I suspect that you clicked this article -- promising one great stock -- because you want to grow your investment portfolio. You want to make money and learn more about the markets. And since you clicked on a Motley Fool article, you probably want to have fun, too.
Make money. Get smarter. Have fun.
That's how Warren Buffett has spent his professional life. Same with Peter Lynch and J. Paul Getty and Bernard Baruch. These investors made millions -- literally tens or hundreds of millions of dollars -- by seeking profit, pursuing mastery, and loving investing for life.
There is no natural or preternatural law that says you can't do the same. And the fastest route there is to understand how companies achieve competitive greatness. What are the commercial features that help their stocks rise 10, 200, or 5,000 times in value? Here are three of my favorites.
Three principles of commercial greatness
1. Replication. The very best public companies have a replication model that drives growth indefinitely. Consider five-year market-beating retailers such as Urban Outfitters (Nasdaq: URBN ) , bebe (Nasdaq: BEBE ) , and Best Buy (NYSE: BBY ) . Or think about how McDonald's has expanded from nine restaurants in 1955 to more than 31,000 today. Simple replication has helped McDonald's become a nearly $70 billion business and a global force.
2. Residence. When was the last time you took a rental car through the car wash? Which have you treated better -- the home you own today or your sophomore-year dorm room? We take better care of what we own than what we rent. The same holds true in Corporate America. Some of the greatest companies -- like Guess? (NYSE: GES ) , Morningstar (Nasdaq: MORN ) , and Fossil (Nasdaq: FOSL ) -- have leaders who've been there for years and own a ton of stock.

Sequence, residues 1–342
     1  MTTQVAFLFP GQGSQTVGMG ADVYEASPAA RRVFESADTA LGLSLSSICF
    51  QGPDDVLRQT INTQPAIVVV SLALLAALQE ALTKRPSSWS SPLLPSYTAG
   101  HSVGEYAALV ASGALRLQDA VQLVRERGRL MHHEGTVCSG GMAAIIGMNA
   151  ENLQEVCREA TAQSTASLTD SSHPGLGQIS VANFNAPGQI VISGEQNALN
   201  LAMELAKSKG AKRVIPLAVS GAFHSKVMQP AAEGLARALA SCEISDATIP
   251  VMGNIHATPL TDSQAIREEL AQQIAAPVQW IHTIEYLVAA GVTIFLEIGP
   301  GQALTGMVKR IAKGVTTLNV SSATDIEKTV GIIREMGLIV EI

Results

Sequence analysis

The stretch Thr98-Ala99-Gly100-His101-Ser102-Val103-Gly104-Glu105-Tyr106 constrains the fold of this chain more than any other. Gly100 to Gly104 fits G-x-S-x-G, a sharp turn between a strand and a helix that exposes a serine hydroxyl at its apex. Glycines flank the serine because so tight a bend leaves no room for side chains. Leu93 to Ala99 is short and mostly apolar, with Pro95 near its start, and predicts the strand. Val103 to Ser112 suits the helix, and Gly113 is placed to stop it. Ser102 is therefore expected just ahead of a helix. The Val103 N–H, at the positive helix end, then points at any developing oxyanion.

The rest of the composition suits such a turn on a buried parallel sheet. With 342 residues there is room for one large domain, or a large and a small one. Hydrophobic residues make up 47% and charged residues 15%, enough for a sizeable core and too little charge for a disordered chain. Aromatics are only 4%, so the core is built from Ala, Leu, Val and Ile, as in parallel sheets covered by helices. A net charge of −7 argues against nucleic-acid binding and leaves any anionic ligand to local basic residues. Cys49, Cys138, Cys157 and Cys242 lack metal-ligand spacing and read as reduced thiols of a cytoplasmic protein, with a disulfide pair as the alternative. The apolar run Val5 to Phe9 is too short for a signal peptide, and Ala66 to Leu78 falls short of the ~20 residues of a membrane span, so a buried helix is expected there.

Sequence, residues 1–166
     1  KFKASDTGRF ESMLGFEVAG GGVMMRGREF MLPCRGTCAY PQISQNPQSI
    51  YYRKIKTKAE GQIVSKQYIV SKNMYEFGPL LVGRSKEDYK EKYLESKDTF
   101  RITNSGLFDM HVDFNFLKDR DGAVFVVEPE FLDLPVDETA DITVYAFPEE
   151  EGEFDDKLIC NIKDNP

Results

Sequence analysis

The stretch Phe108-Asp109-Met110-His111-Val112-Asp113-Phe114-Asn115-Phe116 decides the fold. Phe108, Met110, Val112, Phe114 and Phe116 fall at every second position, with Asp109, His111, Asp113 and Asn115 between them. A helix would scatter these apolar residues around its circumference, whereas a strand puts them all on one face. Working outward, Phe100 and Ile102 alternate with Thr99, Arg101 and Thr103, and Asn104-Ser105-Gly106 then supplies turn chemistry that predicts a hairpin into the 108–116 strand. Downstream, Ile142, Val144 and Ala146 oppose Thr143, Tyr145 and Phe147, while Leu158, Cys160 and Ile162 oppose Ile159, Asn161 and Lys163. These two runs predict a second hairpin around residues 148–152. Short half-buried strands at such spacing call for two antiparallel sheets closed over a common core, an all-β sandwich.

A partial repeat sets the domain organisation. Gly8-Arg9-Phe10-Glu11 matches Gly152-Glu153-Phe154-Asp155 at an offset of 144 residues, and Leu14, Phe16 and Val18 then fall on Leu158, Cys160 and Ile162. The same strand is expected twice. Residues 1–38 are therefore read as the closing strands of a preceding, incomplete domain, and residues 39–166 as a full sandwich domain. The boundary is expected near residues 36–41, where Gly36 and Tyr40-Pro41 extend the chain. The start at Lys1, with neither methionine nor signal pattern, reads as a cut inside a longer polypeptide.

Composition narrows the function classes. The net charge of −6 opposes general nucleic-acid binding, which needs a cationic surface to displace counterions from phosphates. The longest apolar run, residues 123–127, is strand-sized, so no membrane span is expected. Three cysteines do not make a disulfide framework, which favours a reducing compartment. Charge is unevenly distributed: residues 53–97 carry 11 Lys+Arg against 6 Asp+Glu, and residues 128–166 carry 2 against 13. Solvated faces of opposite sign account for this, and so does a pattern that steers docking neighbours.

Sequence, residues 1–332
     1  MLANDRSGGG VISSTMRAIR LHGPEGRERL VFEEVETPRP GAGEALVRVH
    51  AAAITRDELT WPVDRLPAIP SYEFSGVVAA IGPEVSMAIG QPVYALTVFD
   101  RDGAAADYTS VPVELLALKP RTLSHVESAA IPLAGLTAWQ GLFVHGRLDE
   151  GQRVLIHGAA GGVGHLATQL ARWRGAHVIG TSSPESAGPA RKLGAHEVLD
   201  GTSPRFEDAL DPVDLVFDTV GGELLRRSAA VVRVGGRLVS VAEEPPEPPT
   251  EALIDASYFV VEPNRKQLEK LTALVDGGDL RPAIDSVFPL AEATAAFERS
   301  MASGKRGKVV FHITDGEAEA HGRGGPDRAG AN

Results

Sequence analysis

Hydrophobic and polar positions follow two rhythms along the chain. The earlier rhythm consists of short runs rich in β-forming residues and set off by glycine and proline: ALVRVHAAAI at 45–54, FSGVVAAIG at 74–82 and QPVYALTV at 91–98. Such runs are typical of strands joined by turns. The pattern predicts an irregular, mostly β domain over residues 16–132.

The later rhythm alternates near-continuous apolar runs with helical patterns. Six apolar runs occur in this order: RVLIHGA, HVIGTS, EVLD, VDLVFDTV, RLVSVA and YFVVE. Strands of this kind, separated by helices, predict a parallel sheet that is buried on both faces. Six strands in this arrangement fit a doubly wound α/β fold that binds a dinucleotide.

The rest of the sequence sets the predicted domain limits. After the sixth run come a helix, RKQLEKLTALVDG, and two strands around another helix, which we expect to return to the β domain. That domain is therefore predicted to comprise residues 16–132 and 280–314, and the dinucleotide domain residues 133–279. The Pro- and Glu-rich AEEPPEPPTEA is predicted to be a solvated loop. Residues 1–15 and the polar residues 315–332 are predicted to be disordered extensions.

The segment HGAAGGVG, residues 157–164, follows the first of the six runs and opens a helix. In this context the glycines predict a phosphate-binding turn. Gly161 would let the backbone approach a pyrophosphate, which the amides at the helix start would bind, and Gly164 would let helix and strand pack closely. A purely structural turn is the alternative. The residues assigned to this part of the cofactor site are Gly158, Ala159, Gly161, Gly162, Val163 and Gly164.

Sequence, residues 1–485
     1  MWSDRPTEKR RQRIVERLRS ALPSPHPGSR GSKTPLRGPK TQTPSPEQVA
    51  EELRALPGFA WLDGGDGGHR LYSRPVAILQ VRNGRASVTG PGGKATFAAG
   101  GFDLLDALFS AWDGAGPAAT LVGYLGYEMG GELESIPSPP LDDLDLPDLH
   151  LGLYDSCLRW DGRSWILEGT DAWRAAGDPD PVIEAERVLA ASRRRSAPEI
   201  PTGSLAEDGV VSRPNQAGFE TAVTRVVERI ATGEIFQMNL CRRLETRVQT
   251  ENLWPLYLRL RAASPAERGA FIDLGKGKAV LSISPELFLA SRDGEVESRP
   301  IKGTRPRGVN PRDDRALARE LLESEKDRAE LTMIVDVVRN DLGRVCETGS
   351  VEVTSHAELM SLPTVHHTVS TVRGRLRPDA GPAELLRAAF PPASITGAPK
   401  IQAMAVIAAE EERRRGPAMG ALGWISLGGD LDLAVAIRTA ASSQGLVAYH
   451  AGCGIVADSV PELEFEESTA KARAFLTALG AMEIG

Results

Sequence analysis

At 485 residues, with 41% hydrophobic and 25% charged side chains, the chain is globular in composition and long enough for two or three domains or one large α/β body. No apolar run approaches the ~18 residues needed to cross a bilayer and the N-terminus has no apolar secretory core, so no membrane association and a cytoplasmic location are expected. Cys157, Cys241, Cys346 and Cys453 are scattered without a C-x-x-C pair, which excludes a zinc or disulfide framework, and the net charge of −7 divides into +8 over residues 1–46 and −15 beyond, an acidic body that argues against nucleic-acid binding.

3. Resources. Master poker players know that in a game between entirely even players, the one with the most money will win. The same is true in business. It's why one great investor after another buys cash-rich companies and avoids those with mountains of debt. With nearly $1.5 billion in debt, Revlon lacks the resources to truly reward its investors. The stock has lost more than 95% of its value since 1997 -- Ouch!
Your one great stock
In Motley Fool Hidden Gems, we've discovered dozens of small-cap winners. And in a world where most mutual funds lose to the market, we're beating it soundly. We've done so by finding overlooked small companies that beautifully demonstrate the key principles of replication, residence, and resources. Such is the case with my "One Great Stock" for you today, which has more than doubled for us since 2004.
The stock is Buffalo Wild Wings. This company has opened more than 400 restaurants, primarily in the central states of America (replication). The CEO and CFO have run the company for more than a decade, and the chairman owns a ton of stock (residence). And today -- unusual for a restaurant -- Buffalo Wild Wings is expanding out of its own cash flows. It sports $72 million in net cash on its balance sheet (resources).
I believe that Buffalo Wild Wings will roughly triple over the next five years.
And yet there's one of our Hidden Gems I like even more. Take a free trial, with no obligation to subscribe (I promise), and you can view our four dozen holdings along with my best bets for new money now -- including my favorite small cap in the world.
This article was originally published on Dec. 1, 2006. It has been updated.
Fool co-founder and Hidden Gems analyst Tom Gardner does not own shares of any company mentioned. Buffalo Wild Wings is a Hidden Gems pick. bebe and Best Buy are Stock Advisor recommendations. Best Buy is also an Inside Value selection. The Motley Fool holds stock in Buffalo Wild Wings. The Motley Fool has a disclosure policy.